During covid lockdown, the stock and mutual fund markets saw a considerable jump in new investors. Most of them were young, and some had the extra nerve to dive into the stocks and mutual funds without much knowledge. Some sensible newbies had patience and tried to make out what these things were. And if you had an eagle eye, you could see that mutual fund needs a glossary of their own!
There are many parameters to choose between the correct fund for yourself. One major factor is the expense ratio*, which varies in all funds. Some have high; some have low.
Diving deeper into saving that extra penny, we see the factor of investing in either of the two fund types- Active Mutual Funds & Passive Mutual Funds.
- Active Mutual Funds- These funds are managed by skilled fund managers with in-depth knowledge of the market. And since they work it actively, it’s called Active Mutual Fund, hence higher expense ratio.
- Passive Mutual Funds- These funds generally gather less of the fund manager’s attention as these follow one of the many Indices, like Nifty 50, Nifty SmallCap, etc. Since less attention and work are required to manage these funds, their expense ratios are extremely low.
Now there are various kinds of active mutual funds, more kinds than there are fingers in your hand! Fund managers with deep knowledge and expertise aim to give the investors maximum returns within the category. How do they tell the investor that they have generated good returns? It’s simple; they try to beat the respective Index in which the mutual fund is. For example, the fund manager of Axis Small cap Mutual Fund says that we have outperformed the Nifty Smallcap Index, and its investors would be happy! But sometimes, when there is volatility or downfall in the market, these active funds tend to underperform compared to their Index fund counterparts. As the last SIP or Lumpsum invested before the fall is on very NAV, and after the fall, it drops significantly. So it’s a mixed bag of returns, with moderate to a high fee in the form of exchange ratios, made very attractive to investors by advertising!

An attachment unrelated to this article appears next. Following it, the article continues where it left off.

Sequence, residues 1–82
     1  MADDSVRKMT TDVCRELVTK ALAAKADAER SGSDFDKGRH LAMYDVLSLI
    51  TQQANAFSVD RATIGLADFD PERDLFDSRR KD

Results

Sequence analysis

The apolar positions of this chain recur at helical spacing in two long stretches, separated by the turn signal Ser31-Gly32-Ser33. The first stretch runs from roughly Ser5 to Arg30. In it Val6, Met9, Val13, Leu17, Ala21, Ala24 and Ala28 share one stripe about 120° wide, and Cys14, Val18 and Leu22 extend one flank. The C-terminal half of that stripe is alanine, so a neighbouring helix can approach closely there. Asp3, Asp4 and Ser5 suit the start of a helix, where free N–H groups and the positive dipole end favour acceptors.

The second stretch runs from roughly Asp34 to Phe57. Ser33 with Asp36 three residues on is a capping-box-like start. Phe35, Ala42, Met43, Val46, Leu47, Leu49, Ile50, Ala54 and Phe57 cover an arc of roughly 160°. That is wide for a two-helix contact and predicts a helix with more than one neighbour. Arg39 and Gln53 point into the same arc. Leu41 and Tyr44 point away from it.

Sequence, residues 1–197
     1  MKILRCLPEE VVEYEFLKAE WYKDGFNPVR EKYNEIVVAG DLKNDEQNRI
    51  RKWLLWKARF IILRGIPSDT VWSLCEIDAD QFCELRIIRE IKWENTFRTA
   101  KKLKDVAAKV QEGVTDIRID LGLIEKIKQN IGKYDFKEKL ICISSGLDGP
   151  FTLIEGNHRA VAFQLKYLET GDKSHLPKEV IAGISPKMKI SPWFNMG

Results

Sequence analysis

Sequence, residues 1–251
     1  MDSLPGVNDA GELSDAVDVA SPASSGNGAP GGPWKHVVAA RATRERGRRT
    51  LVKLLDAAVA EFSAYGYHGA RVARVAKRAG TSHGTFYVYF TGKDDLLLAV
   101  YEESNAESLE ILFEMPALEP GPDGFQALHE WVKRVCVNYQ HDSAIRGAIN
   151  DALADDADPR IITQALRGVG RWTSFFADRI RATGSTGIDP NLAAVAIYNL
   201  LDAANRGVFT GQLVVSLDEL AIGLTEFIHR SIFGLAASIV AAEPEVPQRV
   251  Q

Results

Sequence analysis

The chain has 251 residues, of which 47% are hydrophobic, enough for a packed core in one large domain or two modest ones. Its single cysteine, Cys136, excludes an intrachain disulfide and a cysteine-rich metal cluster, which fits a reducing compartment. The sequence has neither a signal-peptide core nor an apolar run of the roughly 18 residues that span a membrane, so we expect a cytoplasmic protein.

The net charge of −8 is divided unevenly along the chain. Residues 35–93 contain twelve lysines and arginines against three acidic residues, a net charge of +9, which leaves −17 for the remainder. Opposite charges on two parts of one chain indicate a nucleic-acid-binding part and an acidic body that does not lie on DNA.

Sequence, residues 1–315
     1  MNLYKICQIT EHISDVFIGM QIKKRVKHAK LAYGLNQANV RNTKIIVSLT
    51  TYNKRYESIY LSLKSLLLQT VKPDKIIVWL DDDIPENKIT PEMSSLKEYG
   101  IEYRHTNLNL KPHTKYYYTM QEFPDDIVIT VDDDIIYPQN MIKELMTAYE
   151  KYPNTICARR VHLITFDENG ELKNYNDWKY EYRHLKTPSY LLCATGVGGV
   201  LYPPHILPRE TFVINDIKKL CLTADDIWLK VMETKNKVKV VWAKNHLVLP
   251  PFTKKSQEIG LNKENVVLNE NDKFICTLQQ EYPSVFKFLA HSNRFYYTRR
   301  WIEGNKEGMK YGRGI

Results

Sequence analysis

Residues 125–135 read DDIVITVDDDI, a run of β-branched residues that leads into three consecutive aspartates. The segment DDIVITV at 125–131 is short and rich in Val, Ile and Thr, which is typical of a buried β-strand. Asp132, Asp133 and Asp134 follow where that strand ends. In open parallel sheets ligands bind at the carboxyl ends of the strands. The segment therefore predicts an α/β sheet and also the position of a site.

On the other hand, investment gurus like Warren Buffet, for a very long time, suggested that nothing can beat the returns of an “Index Fund” in the long run. Since the Index, like the Nifty 50, is the indicator of 50 top Indian companies, if a company is performing poorly, it’ll be removed and replaced by a better one. It means that Index Funds are regulated, not by the Fund Managers, but by NSE Indices Ltd. Buffet’s logic says, since the Index like Nifty 50 or Sensex 30 represents the country’s best companies, regulators have an eye on the performance. There is no need for managing this fund, thus saving the excess headache of managing and the fee of investing. Therefore, it is safe to conclude that both types pf funds have enough potential. An investor could consider SIP in Index Mutual Funds initially and further consider Active mutual funds according to their risk appetite and individual goals.